[00236] A cutter may be a CNC cutter. For example, the cutter may be an end mill or grinding tool. An end mill may be a square end mill, keyway end mill, ball end mill, roughing end mill, comer radius end mill, roughing and finishing end mill, comer rounding end mill, drill mill, or tapered end mill. An end mill may have a single flute, two flutes, three flutes, four flutes, or multiple flutes. The material of the cutter may be, for example, high speed steel, carbon steel, cobalt, powdered metal, solid carbide, polycrystalline diamond or a combination thereof. The cutter may have a coating or finish, for example, titanium nitride, titanium carbonitride, titanium aluminum nitride, aluminum nitride, zicronium nitride, or a combination thereof.

[00237] In some cases, a CNC spindle may have a spindle runout. The spindle may have a rotation inaccuracy where the spindle is no longer completely aligned with the main axis. The spindle may have an axial or radial runout. A spindle runout measurement may be used, such as a dial indicator or a non-contact sensor. A spindle runout measurement may be used to detect and prevent defects when runout is present.

[00238] The machine tool may be multi-axis robot. The machine tool may be movable relative to a support on which the three-dimensional object is generated. As an alternative, the support may be movable and the machine tool may be stationary. As another alternative, both the machine tool and the support may be movable relative to each other, such as along multiple axes.

[00239] Supports may be used in the printer to aid in the formation of a part. In some cases, horizontal supports, or a support that is parallel to the powder bed, may be used. Alternatively, vertical supports, or a support that is perpendicular to the powder bed, may be used.

[00240] A CNC spindle may rotate at a certain speed that may be dependent on the desired cutting properties. In some embodiments, a cutting tool or a CNC spindle may have a rotation per minute (rpm) of at least about 500 rpm, 1,000 rpm, 10,000 rpm, 50,000 rpm, 75,000 rpm or 100,000 rpm. The frequency of rotation around a fixed axis may be from about 500 rpm to 100,000 rpm, about 1,000 to 75,000 rpm, or about 10,000 rpm to 50,000 rpm.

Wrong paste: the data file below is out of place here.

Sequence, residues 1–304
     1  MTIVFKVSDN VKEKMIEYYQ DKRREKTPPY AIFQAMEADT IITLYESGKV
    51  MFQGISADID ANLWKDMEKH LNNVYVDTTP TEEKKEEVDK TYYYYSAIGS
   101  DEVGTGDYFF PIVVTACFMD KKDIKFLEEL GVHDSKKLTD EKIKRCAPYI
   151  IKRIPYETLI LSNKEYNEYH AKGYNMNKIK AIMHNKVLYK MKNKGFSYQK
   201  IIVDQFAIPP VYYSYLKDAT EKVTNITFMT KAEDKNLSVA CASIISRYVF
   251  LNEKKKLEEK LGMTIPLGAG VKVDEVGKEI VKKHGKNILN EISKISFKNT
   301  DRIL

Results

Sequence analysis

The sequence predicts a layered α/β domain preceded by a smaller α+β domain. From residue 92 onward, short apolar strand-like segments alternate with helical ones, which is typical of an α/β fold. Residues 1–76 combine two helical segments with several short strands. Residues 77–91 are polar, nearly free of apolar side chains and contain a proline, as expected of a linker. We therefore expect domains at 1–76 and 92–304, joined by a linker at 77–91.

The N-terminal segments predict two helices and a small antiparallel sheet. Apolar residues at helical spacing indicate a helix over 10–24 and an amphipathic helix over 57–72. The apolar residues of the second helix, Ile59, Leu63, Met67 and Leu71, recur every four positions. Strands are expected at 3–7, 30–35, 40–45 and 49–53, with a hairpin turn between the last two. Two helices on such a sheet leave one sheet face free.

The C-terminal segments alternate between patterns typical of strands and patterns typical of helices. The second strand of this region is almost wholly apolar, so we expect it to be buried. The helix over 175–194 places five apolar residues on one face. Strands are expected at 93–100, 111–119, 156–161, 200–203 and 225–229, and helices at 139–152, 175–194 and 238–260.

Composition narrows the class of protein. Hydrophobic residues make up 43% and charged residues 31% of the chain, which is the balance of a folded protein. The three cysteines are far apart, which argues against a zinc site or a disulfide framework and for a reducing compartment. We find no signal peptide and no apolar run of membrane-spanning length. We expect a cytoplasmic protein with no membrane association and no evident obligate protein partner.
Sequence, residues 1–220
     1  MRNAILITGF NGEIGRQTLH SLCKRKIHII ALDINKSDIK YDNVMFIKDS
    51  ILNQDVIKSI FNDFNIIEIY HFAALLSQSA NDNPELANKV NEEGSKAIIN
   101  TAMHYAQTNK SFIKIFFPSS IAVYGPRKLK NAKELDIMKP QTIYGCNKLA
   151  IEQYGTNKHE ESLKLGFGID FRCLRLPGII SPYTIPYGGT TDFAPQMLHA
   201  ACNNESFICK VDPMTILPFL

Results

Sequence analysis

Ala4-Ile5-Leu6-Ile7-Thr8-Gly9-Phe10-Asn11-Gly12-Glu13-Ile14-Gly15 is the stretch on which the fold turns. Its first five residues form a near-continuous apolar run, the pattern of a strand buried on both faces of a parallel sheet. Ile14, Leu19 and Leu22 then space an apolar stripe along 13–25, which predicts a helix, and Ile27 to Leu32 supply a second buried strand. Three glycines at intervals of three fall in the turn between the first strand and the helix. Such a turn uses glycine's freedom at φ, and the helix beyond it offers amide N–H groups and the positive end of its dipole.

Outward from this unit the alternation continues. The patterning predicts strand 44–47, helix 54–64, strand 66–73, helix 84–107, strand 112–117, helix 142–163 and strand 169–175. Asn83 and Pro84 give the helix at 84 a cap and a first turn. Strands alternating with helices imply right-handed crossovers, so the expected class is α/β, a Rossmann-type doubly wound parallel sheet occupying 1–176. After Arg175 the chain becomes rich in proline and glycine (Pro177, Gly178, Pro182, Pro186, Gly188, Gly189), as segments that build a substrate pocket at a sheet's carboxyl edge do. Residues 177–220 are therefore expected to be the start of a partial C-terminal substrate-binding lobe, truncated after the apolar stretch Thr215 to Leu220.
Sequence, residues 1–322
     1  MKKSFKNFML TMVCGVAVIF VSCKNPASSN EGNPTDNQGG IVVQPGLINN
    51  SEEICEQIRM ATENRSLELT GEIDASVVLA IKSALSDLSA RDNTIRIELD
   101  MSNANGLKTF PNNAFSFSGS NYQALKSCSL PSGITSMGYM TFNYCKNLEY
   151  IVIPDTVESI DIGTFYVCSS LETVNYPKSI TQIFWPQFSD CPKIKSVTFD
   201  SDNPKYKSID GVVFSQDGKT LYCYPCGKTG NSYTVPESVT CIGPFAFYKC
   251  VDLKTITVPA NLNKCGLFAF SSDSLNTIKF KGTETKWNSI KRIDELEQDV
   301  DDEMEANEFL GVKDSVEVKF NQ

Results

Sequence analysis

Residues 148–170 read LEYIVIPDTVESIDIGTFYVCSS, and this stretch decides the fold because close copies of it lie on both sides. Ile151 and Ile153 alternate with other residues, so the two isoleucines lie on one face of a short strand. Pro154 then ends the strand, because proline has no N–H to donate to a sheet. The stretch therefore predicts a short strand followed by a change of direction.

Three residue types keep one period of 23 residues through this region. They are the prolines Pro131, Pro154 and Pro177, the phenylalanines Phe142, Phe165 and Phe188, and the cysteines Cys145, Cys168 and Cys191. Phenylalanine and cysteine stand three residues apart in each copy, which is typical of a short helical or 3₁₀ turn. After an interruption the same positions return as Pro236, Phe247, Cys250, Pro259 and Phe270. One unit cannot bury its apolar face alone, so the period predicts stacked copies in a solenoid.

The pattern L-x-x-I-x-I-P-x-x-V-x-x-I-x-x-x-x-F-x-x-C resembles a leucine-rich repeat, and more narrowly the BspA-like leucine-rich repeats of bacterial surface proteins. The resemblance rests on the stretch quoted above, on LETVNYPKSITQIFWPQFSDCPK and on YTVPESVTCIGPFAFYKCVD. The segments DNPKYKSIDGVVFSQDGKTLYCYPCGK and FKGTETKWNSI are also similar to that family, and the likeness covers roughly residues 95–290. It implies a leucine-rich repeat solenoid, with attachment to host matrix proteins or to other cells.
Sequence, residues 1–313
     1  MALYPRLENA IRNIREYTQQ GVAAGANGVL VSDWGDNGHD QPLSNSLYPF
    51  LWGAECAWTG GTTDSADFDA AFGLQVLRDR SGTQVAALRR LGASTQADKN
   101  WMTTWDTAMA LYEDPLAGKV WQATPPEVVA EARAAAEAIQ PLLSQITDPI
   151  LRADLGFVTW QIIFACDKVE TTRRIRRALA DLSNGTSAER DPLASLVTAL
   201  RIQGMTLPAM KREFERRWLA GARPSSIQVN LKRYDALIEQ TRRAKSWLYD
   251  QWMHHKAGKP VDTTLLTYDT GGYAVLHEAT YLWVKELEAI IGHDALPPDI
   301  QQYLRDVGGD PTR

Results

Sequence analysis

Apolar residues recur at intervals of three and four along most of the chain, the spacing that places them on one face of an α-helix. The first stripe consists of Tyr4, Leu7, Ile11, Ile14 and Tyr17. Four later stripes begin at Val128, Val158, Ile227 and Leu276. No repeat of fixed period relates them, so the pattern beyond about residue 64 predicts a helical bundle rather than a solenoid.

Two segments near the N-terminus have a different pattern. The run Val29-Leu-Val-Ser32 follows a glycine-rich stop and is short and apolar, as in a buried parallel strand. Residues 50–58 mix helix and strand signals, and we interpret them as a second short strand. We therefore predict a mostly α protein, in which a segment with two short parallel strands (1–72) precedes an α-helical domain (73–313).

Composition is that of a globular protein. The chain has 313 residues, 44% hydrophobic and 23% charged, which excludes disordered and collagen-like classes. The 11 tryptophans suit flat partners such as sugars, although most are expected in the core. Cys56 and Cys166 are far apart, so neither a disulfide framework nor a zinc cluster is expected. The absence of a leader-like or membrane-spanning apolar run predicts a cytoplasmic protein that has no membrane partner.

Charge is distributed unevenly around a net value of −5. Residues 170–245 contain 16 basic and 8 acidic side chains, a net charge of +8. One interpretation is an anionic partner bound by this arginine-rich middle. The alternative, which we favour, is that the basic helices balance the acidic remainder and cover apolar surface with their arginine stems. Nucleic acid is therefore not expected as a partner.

[00241] The spindle or cutter may be used on the spindle axis, such as the“W” axis. The spindle or cutters may be kept within a certain distance to planarity. The spindle may be kept less than about 0.1 inch, 0.01 inch, or 0.001 inch of planarity relative to the powder bed. The spindle may have a runout of less than about 0.1 inch, 0.01 inch, 0.005 inch, or 0.001 inches. A system may comprise multiple spindles, and each spindle may have the same or similar runouts. In some cases, each spindle of a system comprising multiple spindles may have different runouts. A spindle may be connected to a brake lock system. The runout may be offset, such as a geometric offset, from the surface. The brake lock system may keep the spindle or other parts from dropping onto the powder bed in an event of an emergency stop. The brake lock system may be part of the hardware implementation of the system.